Posts Tagged ‘nationalism’

More flaggery

datePosted on 20:00, December 20th, 2009 by Lew

Interesting discussion about flags going on at John Ansell’s blog and Kiwiblog and elsewhere. Go and vote on your favourite fern flag. I’m all for a new flag, but these designs are too logo-ish for my taste. Flags seem to me like the sort of things which ought to be made up of geometric fundamentals. That having been said, I think Ansell’s design A is emblematically the strongest, but I don’t think solid black is an appropriate colour for a national flag. If pressed I would reluctantly choose E or C. Is there an obvious reason why green and black aren’t paired somehow?

Fun thought: would the monarchists and traditionalists and nationalists be claiming victory if the government decided to adopt a new national flag which crown agencies would use, with the proviso that other folks could use the old flag if they wanted?

L

Identity politics behind school stabbing?

datePosted on 13:01, March 4th, 2009 by Lew

An article in the Herald gives a clue in favour of what I suspected: that there might be more to the assault by an Avondale College student on teacher David Warren than meets the eye. A few bullet-points below:

  • Warren was a Japanese-language teacher with a brusque and sometimes offensive manner, who allegedly joked about the Republic of Korea. His attacker was new to NZ and likely unfamiliar with our ways had apparently been here for two years and at Avondale College all of 2008.
  • Korean students (and I’ve taught hundreds) are quite strongly inculcated to respect and admire teachers. It’s part of their Confucian socialisation. I simply can’t imagine one attacking a teacher, or even speaking rudely to a teacher they don’t know very well indeed, much less while in a foreign country.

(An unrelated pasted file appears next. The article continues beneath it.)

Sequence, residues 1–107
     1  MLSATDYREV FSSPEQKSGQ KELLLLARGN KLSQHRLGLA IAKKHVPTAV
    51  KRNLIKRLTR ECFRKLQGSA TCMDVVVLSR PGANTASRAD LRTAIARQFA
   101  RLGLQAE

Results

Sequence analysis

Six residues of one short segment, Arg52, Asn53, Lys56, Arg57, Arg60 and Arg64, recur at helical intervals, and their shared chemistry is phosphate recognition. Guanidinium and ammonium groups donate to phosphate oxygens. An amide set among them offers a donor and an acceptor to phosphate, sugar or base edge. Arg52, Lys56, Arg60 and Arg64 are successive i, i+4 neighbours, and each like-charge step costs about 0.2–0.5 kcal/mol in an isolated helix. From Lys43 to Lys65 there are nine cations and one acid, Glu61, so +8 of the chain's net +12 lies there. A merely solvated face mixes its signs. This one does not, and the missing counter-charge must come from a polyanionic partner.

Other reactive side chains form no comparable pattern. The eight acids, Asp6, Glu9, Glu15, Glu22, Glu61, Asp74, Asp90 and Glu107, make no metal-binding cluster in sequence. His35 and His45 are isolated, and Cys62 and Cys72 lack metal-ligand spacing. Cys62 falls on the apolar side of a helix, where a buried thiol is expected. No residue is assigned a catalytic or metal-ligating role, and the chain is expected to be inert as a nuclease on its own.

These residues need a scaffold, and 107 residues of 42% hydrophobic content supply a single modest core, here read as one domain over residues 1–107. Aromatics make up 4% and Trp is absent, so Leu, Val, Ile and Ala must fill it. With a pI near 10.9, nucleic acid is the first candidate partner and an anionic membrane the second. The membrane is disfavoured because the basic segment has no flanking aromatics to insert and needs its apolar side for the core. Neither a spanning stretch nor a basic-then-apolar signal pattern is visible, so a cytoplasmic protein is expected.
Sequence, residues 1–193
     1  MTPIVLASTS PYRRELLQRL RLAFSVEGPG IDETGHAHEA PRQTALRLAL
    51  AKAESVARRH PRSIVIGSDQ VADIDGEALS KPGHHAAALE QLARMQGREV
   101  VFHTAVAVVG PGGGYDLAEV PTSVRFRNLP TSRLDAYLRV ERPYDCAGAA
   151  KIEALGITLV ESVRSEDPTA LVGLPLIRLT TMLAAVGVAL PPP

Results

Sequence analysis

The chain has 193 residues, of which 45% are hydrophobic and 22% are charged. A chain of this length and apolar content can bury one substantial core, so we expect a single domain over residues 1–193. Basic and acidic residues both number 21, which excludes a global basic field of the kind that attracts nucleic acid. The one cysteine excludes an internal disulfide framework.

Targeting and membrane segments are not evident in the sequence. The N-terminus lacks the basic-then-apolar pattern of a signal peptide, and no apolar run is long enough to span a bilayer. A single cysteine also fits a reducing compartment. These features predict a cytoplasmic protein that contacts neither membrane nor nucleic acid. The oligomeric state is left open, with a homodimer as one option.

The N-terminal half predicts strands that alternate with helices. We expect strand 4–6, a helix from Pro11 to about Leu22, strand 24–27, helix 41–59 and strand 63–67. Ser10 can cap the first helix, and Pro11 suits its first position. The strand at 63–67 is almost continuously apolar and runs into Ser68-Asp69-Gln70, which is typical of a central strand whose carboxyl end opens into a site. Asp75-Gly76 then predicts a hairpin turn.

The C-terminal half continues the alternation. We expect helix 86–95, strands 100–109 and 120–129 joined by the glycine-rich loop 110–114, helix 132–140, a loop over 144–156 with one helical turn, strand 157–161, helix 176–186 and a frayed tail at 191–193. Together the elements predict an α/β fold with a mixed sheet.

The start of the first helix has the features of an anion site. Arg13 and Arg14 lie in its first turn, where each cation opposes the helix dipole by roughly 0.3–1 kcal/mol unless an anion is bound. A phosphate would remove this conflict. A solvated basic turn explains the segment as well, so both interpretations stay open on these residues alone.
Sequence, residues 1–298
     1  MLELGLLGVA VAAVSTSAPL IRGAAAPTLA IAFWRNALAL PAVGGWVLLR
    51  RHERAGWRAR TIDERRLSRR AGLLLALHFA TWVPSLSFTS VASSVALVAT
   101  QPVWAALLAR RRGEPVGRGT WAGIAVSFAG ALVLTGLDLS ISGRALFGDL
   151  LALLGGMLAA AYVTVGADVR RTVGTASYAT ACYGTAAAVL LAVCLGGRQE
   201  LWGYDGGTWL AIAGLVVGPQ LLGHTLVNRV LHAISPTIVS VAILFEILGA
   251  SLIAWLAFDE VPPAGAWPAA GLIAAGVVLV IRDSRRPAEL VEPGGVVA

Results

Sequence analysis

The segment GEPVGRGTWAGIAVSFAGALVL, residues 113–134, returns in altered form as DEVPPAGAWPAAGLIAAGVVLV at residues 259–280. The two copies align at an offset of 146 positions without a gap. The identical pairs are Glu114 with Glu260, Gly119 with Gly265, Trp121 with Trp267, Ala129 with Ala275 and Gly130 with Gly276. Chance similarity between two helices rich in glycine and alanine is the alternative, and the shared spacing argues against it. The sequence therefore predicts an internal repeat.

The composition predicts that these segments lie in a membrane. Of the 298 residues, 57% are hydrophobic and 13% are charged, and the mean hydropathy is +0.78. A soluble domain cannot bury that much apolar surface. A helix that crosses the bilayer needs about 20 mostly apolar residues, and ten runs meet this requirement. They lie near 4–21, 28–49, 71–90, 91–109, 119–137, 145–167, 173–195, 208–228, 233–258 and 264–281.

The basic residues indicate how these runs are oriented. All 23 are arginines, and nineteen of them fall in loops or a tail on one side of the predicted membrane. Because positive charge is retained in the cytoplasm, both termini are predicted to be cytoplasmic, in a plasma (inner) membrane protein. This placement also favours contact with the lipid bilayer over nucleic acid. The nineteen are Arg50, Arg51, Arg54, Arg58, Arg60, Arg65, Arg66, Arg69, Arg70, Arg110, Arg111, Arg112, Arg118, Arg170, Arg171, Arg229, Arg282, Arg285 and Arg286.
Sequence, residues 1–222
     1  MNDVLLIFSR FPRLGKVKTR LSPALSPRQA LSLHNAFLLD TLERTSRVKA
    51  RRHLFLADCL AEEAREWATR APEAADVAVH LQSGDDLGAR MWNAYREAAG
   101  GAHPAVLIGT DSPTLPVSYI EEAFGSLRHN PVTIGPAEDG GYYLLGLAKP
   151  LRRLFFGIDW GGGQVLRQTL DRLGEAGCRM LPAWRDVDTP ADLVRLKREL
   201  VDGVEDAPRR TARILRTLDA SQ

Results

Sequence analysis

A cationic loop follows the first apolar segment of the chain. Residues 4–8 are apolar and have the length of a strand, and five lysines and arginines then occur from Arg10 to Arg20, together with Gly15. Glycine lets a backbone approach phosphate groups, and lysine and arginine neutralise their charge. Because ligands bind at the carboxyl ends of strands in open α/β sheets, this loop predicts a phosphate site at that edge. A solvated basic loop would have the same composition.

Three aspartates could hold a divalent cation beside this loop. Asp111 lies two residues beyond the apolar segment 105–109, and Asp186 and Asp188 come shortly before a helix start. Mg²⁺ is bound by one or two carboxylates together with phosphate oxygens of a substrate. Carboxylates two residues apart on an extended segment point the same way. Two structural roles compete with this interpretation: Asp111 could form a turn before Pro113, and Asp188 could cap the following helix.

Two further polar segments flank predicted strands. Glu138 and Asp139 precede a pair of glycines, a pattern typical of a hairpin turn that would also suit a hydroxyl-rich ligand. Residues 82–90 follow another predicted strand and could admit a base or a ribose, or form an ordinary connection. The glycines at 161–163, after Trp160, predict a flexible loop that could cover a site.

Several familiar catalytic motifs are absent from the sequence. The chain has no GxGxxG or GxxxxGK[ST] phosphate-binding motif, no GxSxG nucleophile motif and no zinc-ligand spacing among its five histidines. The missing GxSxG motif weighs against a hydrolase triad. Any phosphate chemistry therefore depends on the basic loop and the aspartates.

• Probably the only thing stronger than this is the Korean sense of national pride. If the two things came into conflict, it would have to be a grave insult indeed to result in this sort of response.
  • Koreans have an abiding hatred of the Japanese, founded (among other things) on the crushing occupation they suffered through the first half of the 20th Century and not helped by a) pervasive anti-Japanese propaganda at home and b) continual denial by the Japanese of any imperial wrongdoing (not unlike their attitude to China and elsewhere).
  • If a joke was made in the context of the Japanese language, which Koreans were forced to adopt, learn, and use, even to the point of taking Japanese names (not unlike how Māori was here, though more brutal) about Korea, then I can certainly see it being grave enough.
  • Students are speaking anonymously about the case for fear of expulsion – WTF? Why does the school get to impose this sort of constraint?
  • Avondale College Principal Brent Lewis claims to know nothing of the sort, contradicted by his own staff and pupils. I detect arse-covering.
  • I can’t find any reference to the incident on Korean English-language news sources, but if there emerges a sniff that this may be a matter of national identity, it could turn into a Big Freaking Deal. Especially with Lee Myung-bak here to gladhand and the chance of a Free Trade Agreement being floated. Talk about bad timing. Update: exexpat notes below that Korean-language media have picked it up, with the nationalism line intact.

None of this is to excuse the student’s attack, of course. But it doesn’t look like a random bit o’ violence to me.

Update: The attacker has been named, and a bunch of the details seem to be disputed, see here. I’ve amended the post to remove details which seem to be incorrect.

Disclaimer: Can I be completely explicit for people who are too suspicious to believe or too stupid to read the statement above (which I almost didn’t put in because I thought it was bleeding obvious): I am not trying to blame Warren or defend Chung – I am trying to consider the dynamic in play here. If you attempt to call this into question or engage in any such behaviour yourself, expect to be soundly ridiculed. You might note I’ve tagged this post hate crimes.

L